In 2000 the stock market did not just go poof. The drop was not very big for the vast majority of stocks. Now if your wife lost her job and you could not meet expenses, having a lot of money tied up in the house would have been a major issue.

2008 is an even more powerful example. Many people lost jobs, sold stocks at the wrong time and they lost their houses because they were under water without equity. Taking a mortgage or avoiding paying it off early, means there is money to invest. Investing rarely means buying stocks exclusively. I invested in a portfolio of roughly 60% stocks. I also maintain an emergency fund to hold me over if markets drop.
But those lessons are in each recession, and can be learned in each person's day to day. If the guy across the street loses his job, it's a recession. If I lose my job, it's a depression. That line of thinking.
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Old 09-25-2018, 08:34 PM
 
6,341 posts, read 4,777,318 times
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Quote:
Originally Posted by Serious Conversation View Post
But those lessons are in each recession, and can be learned in each person's day to day. If the guy across the street loses his job, it's a recession. If I lose my job, it's a depression. That line of thinking.
I agree and the relevance to this topic is that having money in hand is going to be better than having it tied up in a house. Instead of paying off low interest loans, it is better to keep the money. Start by building an emergency fund. Then look at investing before paying off a low cost loan.
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Old 09-26-2018, 01:51 AM
 
72,069 posts, read 72,068,214 times
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i agree , once that money goes in to the house it can't come out cheaply . you pay to gain access to that money so accelerating putting it in makes little sense most of the time .

the longer you have when you invest in equities the safer it can be, so losing time by sinking extra money in to a non liquid asset like a house can make your investments more time sensitive.

most times , people use market downturns and the likelihood of losing a job to try to support putting more in to the house but they would really be better served with more cash not more non liquid house equity . most heloc's were killed off in 2008 .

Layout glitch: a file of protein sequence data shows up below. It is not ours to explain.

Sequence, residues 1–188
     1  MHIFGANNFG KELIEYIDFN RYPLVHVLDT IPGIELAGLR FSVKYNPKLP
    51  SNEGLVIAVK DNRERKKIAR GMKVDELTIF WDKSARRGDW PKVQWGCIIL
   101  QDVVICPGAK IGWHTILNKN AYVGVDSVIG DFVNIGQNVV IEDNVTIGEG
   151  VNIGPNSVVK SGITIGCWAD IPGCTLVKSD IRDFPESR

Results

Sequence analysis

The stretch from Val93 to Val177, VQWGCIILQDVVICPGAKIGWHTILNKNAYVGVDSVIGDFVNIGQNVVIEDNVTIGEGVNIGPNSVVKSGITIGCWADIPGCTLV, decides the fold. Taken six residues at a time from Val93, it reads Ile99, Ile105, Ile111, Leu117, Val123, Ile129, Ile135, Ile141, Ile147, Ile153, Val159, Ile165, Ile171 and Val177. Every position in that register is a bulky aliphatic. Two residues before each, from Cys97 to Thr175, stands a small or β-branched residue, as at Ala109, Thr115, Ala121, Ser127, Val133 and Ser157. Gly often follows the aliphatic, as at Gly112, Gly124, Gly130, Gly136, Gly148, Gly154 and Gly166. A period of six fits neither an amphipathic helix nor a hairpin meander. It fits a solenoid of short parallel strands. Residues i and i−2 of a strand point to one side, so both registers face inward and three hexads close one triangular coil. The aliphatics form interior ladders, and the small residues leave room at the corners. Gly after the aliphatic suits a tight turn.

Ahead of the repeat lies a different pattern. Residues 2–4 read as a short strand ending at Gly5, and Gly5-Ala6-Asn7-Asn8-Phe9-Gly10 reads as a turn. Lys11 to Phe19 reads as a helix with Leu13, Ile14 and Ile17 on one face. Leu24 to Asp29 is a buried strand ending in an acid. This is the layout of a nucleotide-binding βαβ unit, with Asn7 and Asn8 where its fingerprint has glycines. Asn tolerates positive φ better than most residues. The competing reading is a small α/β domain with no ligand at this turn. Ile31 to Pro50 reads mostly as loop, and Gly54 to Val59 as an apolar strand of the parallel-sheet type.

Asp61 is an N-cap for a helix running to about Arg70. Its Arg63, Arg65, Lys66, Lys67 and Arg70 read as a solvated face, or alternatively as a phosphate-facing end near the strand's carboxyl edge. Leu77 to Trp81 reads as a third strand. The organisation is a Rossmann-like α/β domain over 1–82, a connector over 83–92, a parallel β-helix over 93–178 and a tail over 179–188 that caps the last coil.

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Old 09-26-2018, 10:22 AM
 
6,341 posts, read 4,777,318 times
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Getting money out of a house often means selling the house. Lenders I have dealt with will not give a mortgage on a house that is already paid off. When refinancing is an option, they will only refinance for the amount currently owed. A HELOC is be no means the same as a mortgage. Rates are typically higher, the amounts lower and all sorts of restrictions apply.
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Old 09-26-2018, 12:08 PM
 
Location: equator
3,531 posts, read 1,563,392 times
Reputation: 8761
Quote:
Originally Posted by jrkliny View Post
Getting money out of a house often means selling the house. Lenders I have dealt with will not give a mortgage on a house that is already paid off. When refinancing is an option, they will only refinance for the amount currently owed. A HELOC is be no means the same as a mortgage. Rates are typically higher, the amounts lower and all sorts of restrictions apply.
Has this changed? My parents got a $250,000 mortgage on a paid-off 1.5 mil house back in 2002 for an addition.

Then again, in 2013 we were trying to get a loan against our paid-off 5 acres with a mobile home and no one would touch it with a 10-ft. pole, but I thought that was due to mobile home avoidance.
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Old 09-26-2018, 12:19 PM
 
Location: Ypsilanti, MI
2,461 posts, read 3,681,352 times
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We basically did the opposite. Were within ear shot of the end of our 15-year mortgage and refinanced it at low rates to invest the borrowed money in the market. We could pay off our Mortgage at any time, but earning 7-8% on money that costs us 3.5% is better than earning zero percent return on a zero investment balance. Our current total investment portfolio balance is approximately 16 times our current mortgage balance.


Definitely risk involved, not for everyone, and we need to be prepared to take appropriate action if returns plummet, but we are both comfortable with this leveraging.
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Old 09-26-2018, 04:59 PM
 
Location: Coastal New Jersey
56,389 posts, read 54,802,083 times
Reputation: 66904
I took out my first mortgage in 2010 at the age of 52, and it will likely outlive me.

But mebbe not. Now that I've killed off all other debt, I've been paying an extra $500 a month on the principal.